A new implant being developed and tested by scientists has seen paralysed rats regain their ability to walk
An elastic implant has been described by experts as a ‘ground-breaking achievement of technology’ after it restored movement in paralysed rats and gave them the ability to walk again.
Scientists at Ecole Polytechnique Federale de Lausanne have adapted existing technology to create a flexible implant made from elastic silicone. This flexibility allows the implant to move with the spine, providing both electrical and chemical stimulation.
The elastic implant has successfully worked in rats for around two months, making it one of the longest lasting spinal cord injury implants to date.
Researchers hope that the technology will ultimately be transferrable to humans, potentially providing spinal injury patients with the prospect of regaining their ability to walk. However, it will be a lengthy transitional process to properly develop the technology for human use.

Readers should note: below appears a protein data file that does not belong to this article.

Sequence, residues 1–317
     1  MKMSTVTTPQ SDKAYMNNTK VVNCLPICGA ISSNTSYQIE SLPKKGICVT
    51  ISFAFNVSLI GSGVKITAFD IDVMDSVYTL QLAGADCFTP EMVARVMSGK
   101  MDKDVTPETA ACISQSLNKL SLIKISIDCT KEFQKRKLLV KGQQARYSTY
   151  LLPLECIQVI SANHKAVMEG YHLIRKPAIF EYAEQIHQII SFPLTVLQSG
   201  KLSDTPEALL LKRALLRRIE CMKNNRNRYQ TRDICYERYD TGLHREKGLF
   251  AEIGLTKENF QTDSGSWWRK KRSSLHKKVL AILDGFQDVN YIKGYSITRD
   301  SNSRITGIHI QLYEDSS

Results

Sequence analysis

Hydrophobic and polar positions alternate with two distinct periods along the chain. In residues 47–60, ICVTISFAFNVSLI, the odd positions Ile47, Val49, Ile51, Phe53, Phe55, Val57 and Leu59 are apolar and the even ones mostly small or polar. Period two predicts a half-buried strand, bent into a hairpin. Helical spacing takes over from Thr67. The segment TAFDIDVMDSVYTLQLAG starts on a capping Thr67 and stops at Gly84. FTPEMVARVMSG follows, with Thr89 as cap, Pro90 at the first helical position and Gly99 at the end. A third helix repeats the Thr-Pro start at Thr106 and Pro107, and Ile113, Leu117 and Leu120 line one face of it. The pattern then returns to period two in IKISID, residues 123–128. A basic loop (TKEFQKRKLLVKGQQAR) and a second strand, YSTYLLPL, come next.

Serious injury solicitor, Lisa Gunner, based in Thompsons Solicitors’ Bristol office, said: “The pace of developments in new technology and treatments for people suffering with a spinal cord injury are potentially life changing. From cell transplants to spinal stimulation these are exciting times.
“Frustratingly, while they need to be fully tested, the treatments are not going to be available anytime very soon and will likely take years to develop but they offer real hope to people who have lost the ability to walk after suffering a spinal cord injury.
“At Thompsons, we are immensely excited about the new technology, the developments and the potential for treatment. Together with our client support coordinators we will be following the progress of this latest news with great interest.”
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